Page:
And my last point I want to make is why should Nintendo pander to Western game studios?

Sole Rebuttal: BECAUSE PEOPLE BUY THOSE GAMES, AS DERIVATIVE AND UNIMAGINATIVE AS SOME OF US NINTENDO FANS MAY THINK THEY ARE. I realize that Call of Duty isn't the most exciting thing to most of us on this board (hell, most of us thumb our noses at it), BUT IT SELLS. It's like the concept of cinema; if not for crapfests like Transformers 2, Hollywood studios wouldn't have enough cash to fund more artistically viable films like There Will Be Blood and the like.

Quote from: Furious

Western studios don't support Nintendo because they are afraid of Nintendo's killer Ips. They don't want to compete against Mario, Zelda, and Metroid.

Should Nintendo pay Western developers to bring over their shooters so John L can play them on there? We all know those are his favorite genre. I think Nintendo should do what Nintendo does. Make great games. And at E3 were going to see that.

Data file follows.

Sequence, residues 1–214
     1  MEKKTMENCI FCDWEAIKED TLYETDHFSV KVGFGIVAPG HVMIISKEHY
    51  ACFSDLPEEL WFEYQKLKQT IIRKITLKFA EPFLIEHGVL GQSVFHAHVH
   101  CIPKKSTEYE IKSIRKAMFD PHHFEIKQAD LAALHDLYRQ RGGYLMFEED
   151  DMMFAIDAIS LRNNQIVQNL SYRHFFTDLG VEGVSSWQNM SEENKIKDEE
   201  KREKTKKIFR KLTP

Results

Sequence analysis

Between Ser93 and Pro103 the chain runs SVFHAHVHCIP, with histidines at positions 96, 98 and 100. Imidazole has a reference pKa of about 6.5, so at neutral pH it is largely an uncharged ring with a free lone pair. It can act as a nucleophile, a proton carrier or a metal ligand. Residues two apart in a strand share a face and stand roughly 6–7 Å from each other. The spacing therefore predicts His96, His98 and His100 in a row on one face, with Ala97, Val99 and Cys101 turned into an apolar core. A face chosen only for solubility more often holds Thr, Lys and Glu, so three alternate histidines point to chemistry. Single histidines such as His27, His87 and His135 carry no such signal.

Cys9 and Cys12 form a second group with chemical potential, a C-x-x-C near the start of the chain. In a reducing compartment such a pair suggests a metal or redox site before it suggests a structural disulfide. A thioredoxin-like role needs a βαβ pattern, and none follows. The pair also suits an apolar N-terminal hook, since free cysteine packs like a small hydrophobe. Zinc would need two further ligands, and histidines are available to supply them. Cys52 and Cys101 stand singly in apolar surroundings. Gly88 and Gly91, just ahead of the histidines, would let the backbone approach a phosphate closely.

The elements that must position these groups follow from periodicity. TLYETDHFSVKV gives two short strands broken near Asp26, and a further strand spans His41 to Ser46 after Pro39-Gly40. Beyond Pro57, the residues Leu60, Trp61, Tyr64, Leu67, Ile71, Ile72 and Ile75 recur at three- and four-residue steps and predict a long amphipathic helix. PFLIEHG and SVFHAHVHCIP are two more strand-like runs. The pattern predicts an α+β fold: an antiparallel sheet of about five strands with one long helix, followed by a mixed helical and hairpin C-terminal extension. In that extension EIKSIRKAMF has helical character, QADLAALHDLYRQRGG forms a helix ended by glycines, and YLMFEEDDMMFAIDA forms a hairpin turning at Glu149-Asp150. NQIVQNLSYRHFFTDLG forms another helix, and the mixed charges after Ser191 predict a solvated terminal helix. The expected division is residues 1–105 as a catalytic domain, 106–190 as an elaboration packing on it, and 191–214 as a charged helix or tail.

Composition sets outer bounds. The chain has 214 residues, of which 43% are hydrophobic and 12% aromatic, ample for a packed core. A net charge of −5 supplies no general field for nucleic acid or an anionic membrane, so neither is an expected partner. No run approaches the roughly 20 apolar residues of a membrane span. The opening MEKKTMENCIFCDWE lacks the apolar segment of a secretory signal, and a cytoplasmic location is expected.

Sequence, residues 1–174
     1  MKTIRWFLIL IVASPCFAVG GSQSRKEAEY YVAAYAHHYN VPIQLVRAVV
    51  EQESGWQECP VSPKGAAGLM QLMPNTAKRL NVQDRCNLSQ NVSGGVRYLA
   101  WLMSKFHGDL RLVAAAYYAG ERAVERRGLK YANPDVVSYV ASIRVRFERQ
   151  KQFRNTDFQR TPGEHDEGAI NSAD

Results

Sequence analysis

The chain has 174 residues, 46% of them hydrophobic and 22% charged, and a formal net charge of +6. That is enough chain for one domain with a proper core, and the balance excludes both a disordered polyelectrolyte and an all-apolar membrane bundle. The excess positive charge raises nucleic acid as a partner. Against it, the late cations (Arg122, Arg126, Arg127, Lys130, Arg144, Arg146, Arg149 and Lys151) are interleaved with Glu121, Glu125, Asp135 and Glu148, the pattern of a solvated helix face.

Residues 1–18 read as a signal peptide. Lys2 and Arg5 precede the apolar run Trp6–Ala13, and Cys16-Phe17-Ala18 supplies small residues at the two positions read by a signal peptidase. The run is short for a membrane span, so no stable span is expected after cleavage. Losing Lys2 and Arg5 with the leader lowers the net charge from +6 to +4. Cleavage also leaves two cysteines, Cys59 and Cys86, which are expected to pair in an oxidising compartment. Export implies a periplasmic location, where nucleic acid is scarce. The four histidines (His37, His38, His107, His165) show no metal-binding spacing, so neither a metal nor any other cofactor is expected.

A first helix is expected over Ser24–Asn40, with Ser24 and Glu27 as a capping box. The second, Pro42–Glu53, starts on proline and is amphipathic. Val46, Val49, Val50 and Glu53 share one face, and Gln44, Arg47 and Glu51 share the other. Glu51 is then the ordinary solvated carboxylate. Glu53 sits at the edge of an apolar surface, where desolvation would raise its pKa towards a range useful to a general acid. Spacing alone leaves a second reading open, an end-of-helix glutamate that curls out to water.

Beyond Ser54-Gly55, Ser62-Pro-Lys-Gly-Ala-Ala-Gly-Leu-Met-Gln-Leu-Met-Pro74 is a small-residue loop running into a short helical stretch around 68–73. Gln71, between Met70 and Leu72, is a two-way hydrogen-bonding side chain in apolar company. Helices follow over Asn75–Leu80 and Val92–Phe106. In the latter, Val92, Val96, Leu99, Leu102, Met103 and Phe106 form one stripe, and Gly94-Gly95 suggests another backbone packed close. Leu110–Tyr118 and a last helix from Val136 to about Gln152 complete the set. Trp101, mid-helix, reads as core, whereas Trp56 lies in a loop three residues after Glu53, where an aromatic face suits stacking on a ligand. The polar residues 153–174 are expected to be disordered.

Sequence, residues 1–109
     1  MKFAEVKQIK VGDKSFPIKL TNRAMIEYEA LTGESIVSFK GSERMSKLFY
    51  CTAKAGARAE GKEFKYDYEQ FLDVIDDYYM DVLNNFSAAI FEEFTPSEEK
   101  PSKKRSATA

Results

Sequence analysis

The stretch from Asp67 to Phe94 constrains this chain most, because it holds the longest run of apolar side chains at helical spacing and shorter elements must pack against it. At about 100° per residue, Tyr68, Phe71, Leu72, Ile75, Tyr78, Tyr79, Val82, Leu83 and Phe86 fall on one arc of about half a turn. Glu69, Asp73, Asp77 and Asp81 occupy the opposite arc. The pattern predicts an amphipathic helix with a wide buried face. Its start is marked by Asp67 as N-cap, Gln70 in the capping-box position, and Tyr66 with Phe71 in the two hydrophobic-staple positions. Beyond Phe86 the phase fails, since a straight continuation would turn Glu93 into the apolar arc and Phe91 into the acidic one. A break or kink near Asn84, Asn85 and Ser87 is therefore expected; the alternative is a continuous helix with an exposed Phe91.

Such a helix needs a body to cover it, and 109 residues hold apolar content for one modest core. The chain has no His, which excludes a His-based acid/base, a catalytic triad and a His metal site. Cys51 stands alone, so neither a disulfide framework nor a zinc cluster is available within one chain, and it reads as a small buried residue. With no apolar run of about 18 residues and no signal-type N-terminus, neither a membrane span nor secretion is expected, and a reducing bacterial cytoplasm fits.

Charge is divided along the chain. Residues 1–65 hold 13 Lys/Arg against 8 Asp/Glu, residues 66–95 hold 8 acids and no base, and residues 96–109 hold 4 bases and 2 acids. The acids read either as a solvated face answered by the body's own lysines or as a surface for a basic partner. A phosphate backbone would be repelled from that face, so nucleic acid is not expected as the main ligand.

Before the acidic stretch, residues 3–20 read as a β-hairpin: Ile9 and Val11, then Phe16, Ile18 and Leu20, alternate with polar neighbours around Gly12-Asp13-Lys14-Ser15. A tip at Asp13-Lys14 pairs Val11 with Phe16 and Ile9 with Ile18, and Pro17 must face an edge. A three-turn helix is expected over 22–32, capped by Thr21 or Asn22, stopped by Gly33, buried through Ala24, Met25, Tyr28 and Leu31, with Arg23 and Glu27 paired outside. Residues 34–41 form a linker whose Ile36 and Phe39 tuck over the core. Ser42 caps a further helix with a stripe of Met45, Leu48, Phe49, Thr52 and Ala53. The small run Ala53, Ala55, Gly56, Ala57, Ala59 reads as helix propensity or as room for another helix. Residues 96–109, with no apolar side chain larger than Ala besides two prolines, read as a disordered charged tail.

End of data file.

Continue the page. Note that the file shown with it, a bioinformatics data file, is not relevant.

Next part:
Rebuttal: Well, the problem here is you act like Lindy's the minority; like most gamers are just waiting to throw their collective dollars at Super Duper Mario Land World Galaxy Sunshine 3D 4 Mii and U. It's the opposite, actually; it's the Western developers that are making the system-sellers. I'm with you -- I prefer the Zeldas and Metroids. But the mass market of today just doesn't, and Nintendo needs to see that.


Okay, rant over. Any thoughts?

EDIT: I want to come in and say I didn't mean to come in here and single out Francis here; it's just I've seen arguments like his all over the 'net, and I felt the need to respond. No hate, just throwing out my opinion.

FjurbanskiApril 08, 2013

I guess the reason I don't think the Wii U needs third party support to be successful is because I just assume that even if it DID have third party support those games wouldn't sell the console anyway.